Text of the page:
I guess the other really persuasive thing in my life was the 1st 3 chapters of Mere Christianity by C.S.Lewis. They are very logical, but also very personal, and they had a huge effect on me.

In the end, i would describe my faith as a Hope. I dont think there'e conclusive proof one way or the other. I would say i "Hope" there is a God, and that he loves me. I Hope that if i seek him he will guide me to find him. I Hope he will grow a desire in me to be Good, and teach me what Good is. And i Hope that when this is all over, we will all go to a better place, even paradise, where we, too, are the perfected versions of ourselves. And i Hope that he will give the wisdom and strength to contain this addictive personality.

the touch of the master's hand:

fall down seven times, get up eight - japanese proverb


@ Clement

Clement, thanks for the encouragement and suggestions. I read C. S. Lewis a long time ago, but haven't looked at any of his work recently. I will check out Mere Christianity and have a look at the chapters you suggested (after I get past my current work deadline).

I agree with you that non-physical things exist (such as mathematical concepts). I don't believe there are moral truths that exist independently and that transcend the moral code of any given society. But even if I did believe in transcendent moral Truth, I don't know how to get from that belief to a belief in a Higher Power that: (a) exists, (b) has power to make changes in the physical world, and (c) actually cares about me.

I love your moving description of faith as Hope. That approach doesn't resonate with me personally; however, it is clearly a powerful source of healing in your life. I wish you all the best during your journey.

Holy Grails

Oh yes, Piqued. It must be there somewhere on the internet, elusive though it may be. Meanwhile it makes slaves of us all, no amount of time or dedication seems to be enough- and yet we know it is just round the corner, just one google away as we click on to the 847th listing for the day. I have many addictions, or perhaps that is just an easier concept than admitting to an essentially addictive character that manifests in many different areas. I have had to instal blocking software on my computer so that I can't get access to the Internet for chunks of the day. I have had to remove all games that came with my computer and farm the reboot discs with a friend who lives some distance away. I am always looking for one more piece of information/area of research that will spark ideas or solidify an argument, be it in books or on the Internet. My puzzle addiction is paper based as well as the Internet. I buy books compulsively and software. I banned television from my house five years ago, and now feel myself drawn into online program's, undoing my abstinence. I can't eat chocolate in moderation.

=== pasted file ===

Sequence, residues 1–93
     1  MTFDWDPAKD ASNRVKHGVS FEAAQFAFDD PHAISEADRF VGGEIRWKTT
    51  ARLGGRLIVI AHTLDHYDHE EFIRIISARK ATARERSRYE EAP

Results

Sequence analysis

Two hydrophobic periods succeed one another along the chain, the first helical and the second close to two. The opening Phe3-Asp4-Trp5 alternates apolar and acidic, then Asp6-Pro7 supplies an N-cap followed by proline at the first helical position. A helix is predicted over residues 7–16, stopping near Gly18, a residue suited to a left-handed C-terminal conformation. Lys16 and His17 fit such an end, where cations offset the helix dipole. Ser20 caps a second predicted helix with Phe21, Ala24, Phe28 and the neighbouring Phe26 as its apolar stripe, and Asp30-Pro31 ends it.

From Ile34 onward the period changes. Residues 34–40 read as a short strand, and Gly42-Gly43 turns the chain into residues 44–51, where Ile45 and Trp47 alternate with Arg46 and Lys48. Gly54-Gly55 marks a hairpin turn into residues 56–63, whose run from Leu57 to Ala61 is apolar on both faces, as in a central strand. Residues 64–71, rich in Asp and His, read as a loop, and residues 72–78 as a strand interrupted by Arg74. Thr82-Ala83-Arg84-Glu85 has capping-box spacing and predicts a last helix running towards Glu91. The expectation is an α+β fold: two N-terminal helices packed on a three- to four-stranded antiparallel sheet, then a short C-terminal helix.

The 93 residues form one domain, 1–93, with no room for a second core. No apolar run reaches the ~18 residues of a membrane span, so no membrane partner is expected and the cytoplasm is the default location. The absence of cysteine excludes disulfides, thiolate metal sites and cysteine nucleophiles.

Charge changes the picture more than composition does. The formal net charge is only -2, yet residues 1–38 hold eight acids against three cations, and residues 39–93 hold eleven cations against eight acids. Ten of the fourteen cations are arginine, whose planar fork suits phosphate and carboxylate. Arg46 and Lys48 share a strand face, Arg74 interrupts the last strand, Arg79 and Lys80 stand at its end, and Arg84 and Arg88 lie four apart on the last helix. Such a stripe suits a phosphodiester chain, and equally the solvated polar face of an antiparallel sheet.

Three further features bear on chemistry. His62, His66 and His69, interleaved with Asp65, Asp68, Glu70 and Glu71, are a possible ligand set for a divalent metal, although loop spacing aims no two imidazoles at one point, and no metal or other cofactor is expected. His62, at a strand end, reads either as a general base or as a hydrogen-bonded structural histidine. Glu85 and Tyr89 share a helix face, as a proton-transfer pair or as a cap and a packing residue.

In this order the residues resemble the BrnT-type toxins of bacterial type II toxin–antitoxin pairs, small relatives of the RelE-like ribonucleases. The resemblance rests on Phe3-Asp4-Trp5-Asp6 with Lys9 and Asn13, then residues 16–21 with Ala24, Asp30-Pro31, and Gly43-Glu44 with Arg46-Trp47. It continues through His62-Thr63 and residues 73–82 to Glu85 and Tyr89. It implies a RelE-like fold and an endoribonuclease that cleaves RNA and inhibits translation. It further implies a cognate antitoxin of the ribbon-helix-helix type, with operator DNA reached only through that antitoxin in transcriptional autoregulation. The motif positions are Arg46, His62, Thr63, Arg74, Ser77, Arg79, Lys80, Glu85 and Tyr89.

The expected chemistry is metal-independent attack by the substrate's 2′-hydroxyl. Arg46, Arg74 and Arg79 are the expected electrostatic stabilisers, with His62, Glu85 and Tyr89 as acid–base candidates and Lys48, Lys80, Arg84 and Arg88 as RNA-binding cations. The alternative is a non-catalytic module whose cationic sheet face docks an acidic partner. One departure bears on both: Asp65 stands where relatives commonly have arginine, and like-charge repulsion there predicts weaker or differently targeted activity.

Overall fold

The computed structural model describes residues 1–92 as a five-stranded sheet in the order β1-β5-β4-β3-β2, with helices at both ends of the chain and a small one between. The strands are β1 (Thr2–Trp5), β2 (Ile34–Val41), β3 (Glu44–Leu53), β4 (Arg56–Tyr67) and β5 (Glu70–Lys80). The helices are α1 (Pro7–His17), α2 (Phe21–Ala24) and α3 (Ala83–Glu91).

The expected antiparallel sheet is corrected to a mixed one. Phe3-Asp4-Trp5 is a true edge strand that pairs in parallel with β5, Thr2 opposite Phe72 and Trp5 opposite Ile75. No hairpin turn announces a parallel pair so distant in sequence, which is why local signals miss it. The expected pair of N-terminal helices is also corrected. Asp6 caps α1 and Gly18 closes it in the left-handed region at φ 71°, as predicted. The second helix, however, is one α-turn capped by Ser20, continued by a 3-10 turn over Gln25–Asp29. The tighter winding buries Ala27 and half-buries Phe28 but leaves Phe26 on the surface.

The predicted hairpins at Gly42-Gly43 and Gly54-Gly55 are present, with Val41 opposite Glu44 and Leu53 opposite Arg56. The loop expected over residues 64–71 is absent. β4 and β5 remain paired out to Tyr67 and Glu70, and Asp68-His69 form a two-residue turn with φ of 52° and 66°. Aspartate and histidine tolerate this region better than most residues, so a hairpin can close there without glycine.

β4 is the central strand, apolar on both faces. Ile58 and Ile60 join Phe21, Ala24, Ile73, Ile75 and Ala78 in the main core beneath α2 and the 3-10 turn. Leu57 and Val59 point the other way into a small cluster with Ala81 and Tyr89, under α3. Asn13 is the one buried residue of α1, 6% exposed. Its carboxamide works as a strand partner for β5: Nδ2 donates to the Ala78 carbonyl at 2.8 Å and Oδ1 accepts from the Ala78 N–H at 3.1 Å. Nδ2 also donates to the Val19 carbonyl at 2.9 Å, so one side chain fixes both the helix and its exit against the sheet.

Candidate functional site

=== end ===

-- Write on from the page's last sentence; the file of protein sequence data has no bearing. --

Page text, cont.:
What seems odd to me is that the terrier-like pursuit of answers is really driven behaviour whereas procrastination is its opposite, or is it a frantic displacement activity for real life.? 

847th listing

Mole, I had to laugh as I read your description of our terrier-like pursuit of answers. I tried the blocking software approach also; however, it kept software that I need to use as part of my job from working.

This driven search for answers often takes place when I really need to be doing work. But the search is so easy to justify with thoughts like "maybe this website will finally be the one that helps me change as a person, which will enable me to get my work done on time at long last..." I need to take a break in the search for answers and somehow force myself to do my work tasks with the abilities/flaws that I currently possess. I guess that is what sobriety actually looks like for me. I wish that prospect didn't seem so daunting. I wish I weren't such a coward. Sigh.

Time to take off the armour, put down my favorite weapons, and walk into the arena. I'll only have to do battle with work tasks, not lions. My level of fearfulness is ludicrous.